MOJO Rising

There was a time (1997 – 2002 or so) when MOJO was the best music magazine on the planet. I read them cover-to-cover, even the bands I didn’t care about. A 12-page article on Van der Graff Generator? Fascinating. The eighth article on John Lennon in 18 issues? I’m still hooked. Two pages on Gomez? Better than listening to them. They stacked — and still do — all over my apartment. As 80% of the magazine deals with old stuff, the issues don’t date. An issue of MOJO from 1999 is way more interesting than an issue of Rolling Stone, Blender, or Select. And they had the best covers. And the most amazing free CD comps with nearly every issue.

But somewhere around the issue where they put The Strokes on the cover (September 2003), they started to lose me. As much as I liked them, and as happy I was not not see the Beatles or Bob Dylan on the cover again, they hadn’t yet deserved to be there. I still bought all the issues (and still do) but I’d flip around more than I’d read a whole article, let alone the whole issue. Norah Jones was put on the cover (though only on the American version, but still). Sacrilege!

I’m not saying anything longterm has changed but the February issue is cover-to-cover fantastic. Of course maybe it’s just that the subject matter appealed to me, but still, it’s like they’ve got their, uh, mojo back. The cover story is about Joy Division — a great shot of Ian Curtis, not by Anton Corjbin for once (this time Kevin Cummings) — and the main feature finds England’s Dreamng writer Jon Savage returning to Manchester, recounting his firsthand experience with all the major players. There’s also an visit to the set of Control, the upcoming Ian Curtis biopic directed by Corjbin, his feature debut. Plus loads of sidebars, buying guides and the like.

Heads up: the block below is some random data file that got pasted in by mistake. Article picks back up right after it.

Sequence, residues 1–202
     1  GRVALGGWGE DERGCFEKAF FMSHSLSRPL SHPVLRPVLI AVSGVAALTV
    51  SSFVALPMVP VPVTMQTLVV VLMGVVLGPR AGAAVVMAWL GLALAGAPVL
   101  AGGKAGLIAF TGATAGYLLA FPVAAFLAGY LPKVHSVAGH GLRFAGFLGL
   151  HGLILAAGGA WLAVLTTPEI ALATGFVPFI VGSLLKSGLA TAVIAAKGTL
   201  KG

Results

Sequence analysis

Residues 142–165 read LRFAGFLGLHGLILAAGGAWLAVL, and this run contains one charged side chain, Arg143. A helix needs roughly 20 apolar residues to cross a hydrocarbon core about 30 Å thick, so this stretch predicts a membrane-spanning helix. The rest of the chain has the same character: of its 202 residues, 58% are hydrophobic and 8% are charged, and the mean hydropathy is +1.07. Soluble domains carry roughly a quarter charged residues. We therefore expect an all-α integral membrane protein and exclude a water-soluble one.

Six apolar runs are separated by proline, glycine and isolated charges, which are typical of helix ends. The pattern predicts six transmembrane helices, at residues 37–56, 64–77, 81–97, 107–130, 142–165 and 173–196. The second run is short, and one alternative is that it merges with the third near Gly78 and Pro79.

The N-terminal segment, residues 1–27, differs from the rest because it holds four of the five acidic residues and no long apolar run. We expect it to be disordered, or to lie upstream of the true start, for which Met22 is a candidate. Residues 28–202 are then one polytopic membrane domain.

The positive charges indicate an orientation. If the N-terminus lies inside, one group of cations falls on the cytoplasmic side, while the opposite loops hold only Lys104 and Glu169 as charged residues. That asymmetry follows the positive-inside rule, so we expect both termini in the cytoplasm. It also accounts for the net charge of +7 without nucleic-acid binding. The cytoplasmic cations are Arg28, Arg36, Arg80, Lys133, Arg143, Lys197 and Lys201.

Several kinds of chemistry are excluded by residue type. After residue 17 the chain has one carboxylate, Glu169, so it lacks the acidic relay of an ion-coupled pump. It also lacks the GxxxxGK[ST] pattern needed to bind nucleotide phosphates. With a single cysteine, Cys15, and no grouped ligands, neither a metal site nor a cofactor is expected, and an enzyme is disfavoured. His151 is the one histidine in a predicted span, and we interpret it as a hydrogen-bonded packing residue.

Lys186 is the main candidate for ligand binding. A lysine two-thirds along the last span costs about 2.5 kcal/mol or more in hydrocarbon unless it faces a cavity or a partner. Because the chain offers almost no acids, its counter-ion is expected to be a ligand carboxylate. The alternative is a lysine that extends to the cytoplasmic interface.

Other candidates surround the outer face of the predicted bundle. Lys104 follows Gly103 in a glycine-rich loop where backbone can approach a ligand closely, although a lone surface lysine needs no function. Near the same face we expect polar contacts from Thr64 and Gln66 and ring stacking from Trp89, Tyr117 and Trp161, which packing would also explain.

The rest of the issue is just as great. They give Arctic Monkey frontman Alex Turner carte blanche to interview whoever he wants and he chooses punk poet John Cooper Clarke. Every time I think I’m sick of that band, Turner does something cool like that that shows despite his age, he’s got a nice sense of history. It’s a great read. There’s also a swell portrait of folk icon Pete Seeger; a long interview with John Cale; a look at how  heavy metal beat punk (cool points aside) in Britain’s anti-disco revolution; and a four-star lead review of the new Fall album (their 26th, I actually thought it was more), Reformation Post TLC.

If there’s anything disappointing about the issue it’s the accompanying CD, titled Love Will Tear You Apart, that is "15 hand-picked tracks of hurt, pain & despair." Who hand-picked these songs? Peter Hook? Tony Wilson? Gerard Way? Nope, just some unnamed MOJO editors. That said, it’s still a pretty good CD, with a cover of The Saints "Stranded" by former JAMC singer Jim Reid, an especially lovely cover of "Love Will Tear Us Apart" by Susana & the Magical Orchestra, and one of my favorite Galaxie 500 songs, "Sorry." Plus the usual mopey suspects: Elliot Smith, Townes Van Zandt, Nina Simone…perfect for your next 3AM pity party — just hide the razorblades.

Music Journalism these days is almost a contradiction in terms — good to see MOJO can still turn out something great.

MP3: Jim Reid – "I’m Stranded"

MP3: Susanna & the Magical Orchestra – Love Will Tear Us Apart

MP3: Galaxie 500 – Sorry

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